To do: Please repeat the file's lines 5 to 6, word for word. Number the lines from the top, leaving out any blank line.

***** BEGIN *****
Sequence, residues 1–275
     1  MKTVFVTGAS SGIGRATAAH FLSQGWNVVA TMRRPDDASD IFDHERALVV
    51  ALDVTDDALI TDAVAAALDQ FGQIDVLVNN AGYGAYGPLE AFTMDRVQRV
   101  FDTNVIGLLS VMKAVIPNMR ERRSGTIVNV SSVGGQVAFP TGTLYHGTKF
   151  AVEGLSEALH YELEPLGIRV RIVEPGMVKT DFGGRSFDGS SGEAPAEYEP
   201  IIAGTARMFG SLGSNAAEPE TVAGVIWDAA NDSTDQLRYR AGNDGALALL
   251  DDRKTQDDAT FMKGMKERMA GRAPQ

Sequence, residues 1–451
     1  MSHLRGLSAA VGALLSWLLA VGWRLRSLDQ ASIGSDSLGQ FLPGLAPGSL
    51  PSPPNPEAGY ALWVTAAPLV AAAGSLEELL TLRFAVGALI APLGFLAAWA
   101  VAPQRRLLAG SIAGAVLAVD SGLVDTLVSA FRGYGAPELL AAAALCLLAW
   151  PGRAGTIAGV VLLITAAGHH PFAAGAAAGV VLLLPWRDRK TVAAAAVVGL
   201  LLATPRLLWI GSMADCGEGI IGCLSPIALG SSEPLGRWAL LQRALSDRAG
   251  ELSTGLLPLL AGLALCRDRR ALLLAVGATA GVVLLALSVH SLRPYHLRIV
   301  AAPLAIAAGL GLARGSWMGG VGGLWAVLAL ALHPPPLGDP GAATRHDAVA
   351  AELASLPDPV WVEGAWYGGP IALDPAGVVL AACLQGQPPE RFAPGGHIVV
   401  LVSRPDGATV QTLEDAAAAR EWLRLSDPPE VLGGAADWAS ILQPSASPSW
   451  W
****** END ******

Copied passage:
   151  AVEGLSEALH YELEPLGIRV RIVEPGMVKT DFGGRSFDGS SGEAPAEYEP
   201  IIAGTARMFG SLGSNAAEPE TVAGVIWDAA NDSTDQLRYR AGNDGALALL